Examination Board:  Pearson (Edexcel)
Qualification: Pearson BTEC Level 2 Tech Award in Digital Information Technology

What is the BTEC Level 2 Tech Award in Digital Information Technology?

The digital sector is a major source of employment in the UK. Around 1.46 million people work in digital companies and there are around 45,000 digital jobs advertised at any one time. The modern world expects digital skills to be as important as English and Maths. This qualification will develop important skills in data interpretation, data presentation and data protection. Pupils will cover aspects of user interface design and development, as well as learning how to develop a project plan for their own user interface designs.

The main focus of the Tech Award is on four key areas:

  • the development of key skills such as project planning, designing and creating user interfaces, creating dashboards to present and interpret data
  • effective ways of working in digital information technology, such as design process, cyber security, virtual teams, legal and ethical codes of conduct
  • personal management and communication
  • the development of knowledge including how different user interfaces meet user needs and how organisations collect and use data to make decisions

The course is made up of three mandatory components:

BTEC Level 2 Tech Award in Digital Information Technology

Component

Title

Assessment Method

GLH

1

Exploring User Interface Design Principles and Project Planning Techniques

Internal

36

2

Collecting, Presenting and Interpreting Data

Internal

36

3

Effective Digital Working Practices

External

48


How will the BTEC Level 2 Tech Award in Digital Information Technology be assessed?

Components 1 and 2 are internally assessed and will involve the completion of tasks and assignments that are set and marked by the teacher. Component 3 is externally assessed by Pearson and assesses the knowledge and skills developed across all three components. It will test pupils’ ability to recall knowledge and demonstrate that they can apply it in realistic scenarios and situations. Component 3 must be completed in 1 hour 30 minutes.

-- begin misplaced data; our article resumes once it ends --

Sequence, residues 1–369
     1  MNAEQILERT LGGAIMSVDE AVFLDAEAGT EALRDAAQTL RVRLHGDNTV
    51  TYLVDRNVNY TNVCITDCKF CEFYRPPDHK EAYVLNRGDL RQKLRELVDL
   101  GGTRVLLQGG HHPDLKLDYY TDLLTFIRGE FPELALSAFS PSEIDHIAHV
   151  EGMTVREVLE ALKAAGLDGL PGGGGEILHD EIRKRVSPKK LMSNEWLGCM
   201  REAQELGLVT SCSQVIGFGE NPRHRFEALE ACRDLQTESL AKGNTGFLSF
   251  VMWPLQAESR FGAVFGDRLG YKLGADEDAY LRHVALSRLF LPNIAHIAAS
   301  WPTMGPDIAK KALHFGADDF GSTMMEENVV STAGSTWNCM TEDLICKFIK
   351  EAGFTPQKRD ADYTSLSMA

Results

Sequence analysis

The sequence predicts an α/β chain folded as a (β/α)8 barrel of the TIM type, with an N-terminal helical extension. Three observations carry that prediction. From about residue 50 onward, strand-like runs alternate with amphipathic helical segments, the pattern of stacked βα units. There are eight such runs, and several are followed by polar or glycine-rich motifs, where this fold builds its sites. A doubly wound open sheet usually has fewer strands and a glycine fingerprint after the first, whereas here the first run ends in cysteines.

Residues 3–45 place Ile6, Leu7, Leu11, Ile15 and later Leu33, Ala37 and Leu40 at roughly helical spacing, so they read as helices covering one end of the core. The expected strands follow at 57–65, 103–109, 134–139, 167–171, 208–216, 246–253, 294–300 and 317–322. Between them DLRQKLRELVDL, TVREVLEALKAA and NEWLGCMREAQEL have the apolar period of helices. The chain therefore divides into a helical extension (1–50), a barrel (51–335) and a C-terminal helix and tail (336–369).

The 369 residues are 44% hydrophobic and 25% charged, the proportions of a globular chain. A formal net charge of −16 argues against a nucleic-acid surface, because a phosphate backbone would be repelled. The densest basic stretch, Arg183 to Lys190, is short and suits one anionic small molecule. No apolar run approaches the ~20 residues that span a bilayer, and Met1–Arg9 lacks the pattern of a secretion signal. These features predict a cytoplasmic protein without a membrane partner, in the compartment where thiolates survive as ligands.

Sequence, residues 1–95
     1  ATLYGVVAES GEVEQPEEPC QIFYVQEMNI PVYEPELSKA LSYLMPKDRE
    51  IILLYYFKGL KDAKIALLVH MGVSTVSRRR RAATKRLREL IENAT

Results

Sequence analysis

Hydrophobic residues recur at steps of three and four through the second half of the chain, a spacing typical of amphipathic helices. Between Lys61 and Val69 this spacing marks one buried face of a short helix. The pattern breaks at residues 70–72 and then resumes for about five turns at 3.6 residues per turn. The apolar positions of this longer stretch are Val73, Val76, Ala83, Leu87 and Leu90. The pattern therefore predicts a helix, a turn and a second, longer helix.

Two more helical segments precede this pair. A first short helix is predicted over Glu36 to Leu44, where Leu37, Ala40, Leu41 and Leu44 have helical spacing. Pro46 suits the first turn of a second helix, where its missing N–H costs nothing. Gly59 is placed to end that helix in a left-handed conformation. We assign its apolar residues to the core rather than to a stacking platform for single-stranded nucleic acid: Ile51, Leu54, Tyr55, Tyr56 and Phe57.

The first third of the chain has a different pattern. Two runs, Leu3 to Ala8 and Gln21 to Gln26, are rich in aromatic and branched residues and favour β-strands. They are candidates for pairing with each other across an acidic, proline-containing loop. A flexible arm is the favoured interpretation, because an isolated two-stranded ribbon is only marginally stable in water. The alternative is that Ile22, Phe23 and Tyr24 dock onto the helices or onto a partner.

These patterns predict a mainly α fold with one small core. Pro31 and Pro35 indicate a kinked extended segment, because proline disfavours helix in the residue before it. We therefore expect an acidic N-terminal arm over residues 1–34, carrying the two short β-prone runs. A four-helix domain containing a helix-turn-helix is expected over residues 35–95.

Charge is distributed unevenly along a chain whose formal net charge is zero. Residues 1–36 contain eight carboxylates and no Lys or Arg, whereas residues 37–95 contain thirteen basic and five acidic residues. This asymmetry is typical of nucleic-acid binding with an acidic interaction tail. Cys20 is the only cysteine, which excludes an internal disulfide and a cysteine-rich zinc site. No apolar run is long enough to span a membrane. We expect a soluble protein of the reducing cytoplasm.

Where can the BTEC Level 2 Tech Award in Digital Information Technology take me?

Study of this qualification will help pupils make more informed choices for further learning, either generally or in this sector. Pupils may consider progression to the study of the Level 3 BTEC National in IT, offered at The Archbishop’s School, which prepares them to enter employment or apprenticeships, or to move on to higher education by studying a degree in the digital sector.

For further information please see Mr K Omango

Examination Board: Edexcel

GCSE

The Archbishop’s School is offering the opportunity for some pupils to undertake an additional GCSE in Computer Science. This will involve learning programming languages such as Python and Visual Basic to understand and apply the fundamental principles of computer science to solve problems and design and write programs. The qualification consists of two externally-examined units and one programming project.


Due to the requirement of mathematical content in this qualification and its application to computer science, pupils applying to study this course must be in Set 1 in mathematics currently.

Please note that pupils following this qualification must understand that this is an additional GCSE and should be prepared for the increased workload. The majority of lessons will take place during afternoon form time.

If you would like further information please see Mr K. Omango